Sunday, August 23, 2015

Nearing the End of August - September update

It's the middle of September, we've had hot spells and just got some unusual September rain!
The orioles are still here, last year they were all gone a week earlier. Although, I have not seen an adult Hooded Oriole for several weeks now. I am pretty confident that the remaining birds are adult females and their young. Have not been able to tell if the young males have left with the adult males.

Quite a dinnertime rush at the feeders this early eve, here are a couple photos.

 Here is a new bird type for me, have not been able to ID it yet, the black rimmed white breast feathers should be a big clue!

It's August 23rd, over due for a new post with what's new birdwatching in the backyard!

Some general thoughts of the summer so far -

Where are the honeybees?? By this time of the summer, I usually worry about the bees running off the hooded orioles by virtue of the bee clogging up the feeders that the orioles prefer. Most feeders designed for the hummingbirds are fairly bee proof. But this summer I have been able to convert a few hummer only feeders to oriole feeders by removing the small opening inserts leaving large openings that the orioles can use. This is good for the orioles, but I worry about the lack of bees and the service they provide to our crops. The photo shows the modified feeder, the darker red areas around the opening are where the 'flower' inserts were removed revealing a large opening. Bees could easily climb in, but no bees.

We have had a generous amount of rain over the summer, reminiscent of years past when we actually got rain (a little, anyway!). And the temps seem to have been a bit more mild, especially in August - though we had a couple of shots of HOT!

I saw pretty good evidence of a 'Brood Parasite' this summer. The phenomenon is most illustrated by the cuckoo, when the female cuckoo seeks out a nest of another bird species with eggs. The mom cuckoo will lay one of her eggs in the nest of the other bird (often removing one of the original eggs). She then leaves the other mom to do all of the raising of the mixed family. Often, the 'adopted' bird is larger than the host birds - to their detriment. In my case, the 'adopted' bird is a brown headed cowbird and was very likely left in a hooded oriole nest. The young cowbird and young orioles (and female adult orioles) are quite similar in coloring and size. The cowbird are seed eaters and so the beaks are more robust than the orioles. You can see the young cowbird begging for food, but the adult male is ignoring it.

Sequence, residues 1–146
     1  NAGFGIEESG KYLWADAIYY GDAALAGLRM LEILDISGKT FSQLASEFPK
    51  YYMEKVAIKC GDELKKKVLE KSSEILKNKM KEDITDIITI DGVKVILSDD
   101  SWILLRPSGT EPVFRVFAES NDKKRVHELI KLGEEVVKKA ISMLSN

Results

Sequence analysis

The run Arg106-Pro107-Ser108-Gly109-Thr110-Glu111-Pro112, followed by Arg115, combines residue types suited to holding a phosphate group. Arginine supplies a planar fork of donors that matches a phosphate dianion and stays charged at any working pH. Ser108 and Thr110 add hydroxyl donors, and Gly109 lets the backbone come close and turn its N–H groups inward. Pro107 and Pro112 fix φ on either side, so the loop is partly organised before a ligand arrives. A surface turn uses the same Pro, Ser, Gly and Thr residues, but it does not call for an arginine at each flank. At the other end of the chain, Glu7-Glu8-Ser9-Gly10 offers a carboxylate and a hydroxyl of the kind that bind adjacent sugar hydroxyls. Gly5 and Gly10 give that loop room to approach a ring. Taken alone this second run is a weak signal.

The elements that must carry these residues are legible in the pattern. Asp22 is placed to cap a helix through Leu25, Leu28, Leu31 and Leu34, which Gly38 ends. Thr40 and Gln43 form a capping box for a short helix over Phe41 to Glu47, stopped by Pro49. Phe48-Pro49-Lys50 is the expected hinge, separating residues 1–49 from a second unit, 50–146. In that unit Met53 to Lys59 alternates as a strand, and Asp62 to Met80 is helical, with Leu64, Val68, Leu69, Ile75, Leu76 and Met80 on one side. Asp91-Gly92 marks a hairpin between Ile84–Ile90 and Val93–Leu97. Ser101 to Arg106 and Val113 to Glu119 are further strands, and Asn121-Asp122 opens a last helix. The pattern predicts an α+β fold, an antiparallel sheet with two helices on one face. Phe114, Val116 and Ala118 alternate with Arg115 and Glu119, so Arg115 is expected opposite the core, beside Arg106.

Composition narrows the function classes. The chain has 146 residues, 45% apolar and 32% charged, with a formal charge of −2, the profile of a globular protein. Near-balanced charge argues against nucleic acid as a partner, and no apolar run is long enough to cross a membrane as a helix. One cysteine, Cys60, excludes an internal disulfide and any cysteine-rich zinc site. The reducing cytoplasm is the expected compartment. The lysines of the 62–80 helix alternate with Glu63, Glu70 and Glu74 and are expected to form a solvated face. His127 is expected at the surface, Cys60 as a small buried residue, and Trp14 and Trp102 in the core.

I think it has been an above average summer for the orioles, probably average for the hummers, lesser finches, mourning doves. No rabbits this year, a couple of squirrels mooching on the birdseed.

Still having a bit of June Gloom this far into August (morning low clouds/fog keeping temps down around the inland valleys) so this morning as I sat outside checking feeders, photos are a little dull.

There seemed to be quite a morning feeding frenzy going on so I grabbed the cam and took these shots within 30 seconds, all of different feeder positions but there are several of the same kinds.

The lesser finch station

I counted 52 hummers between all photos, a pretty good rush and there were others perched in trees and bushes around. Lots of Anna's, of course, quite a few Blackchins and I think I saw a Roufous.

I believe there is only a couple of weeks before the orioles leave for parts south and east - their winter haunts, oh well , it has been a great summer for them - I'll miss them when they leave!


  1. Your commentary on bees and the weather were interesting, especially in that I had the opposite 1200 miles to the north of you. This was the first year ever that yellow jackets have been a serious nuisance at the hummingbird feeder. Yes, only one feeder recently, as only a couple hummers in stuck around for the summer. For a week, the hornets swarmed around the bee guards and just stayed there all day. The nectar level did go down so maybe they developed some extra long feeding tubes??? I finally just took the feeder down. Haven't seen any hummers here for over two weeks. They arrived 3 weeks early last spring and have left a good 6 weeks early in the fall. July here was the hottest month ever in western Washington and it is dry. Gnats and other small flying insects have not been noticed here in some time, which is probably why the hummers left.

  2. Hi bc! I think you may be right about the lack of gnats and the hummers early retreat. There are still some orioles here, though I have not seen an adult male now for several weeks.
    Still no bees but the small wasps (maybe like your hornets) are still around but not causing a problem. Of course, hummers are full force and maybe some of your rufous will be by here on their way south!

  3. The small finch-like birds that you weren't sure of the species are Nutmeg Mannikins.

    Nice site, enjoyed reading about your hummingbirds and orioles. Jackie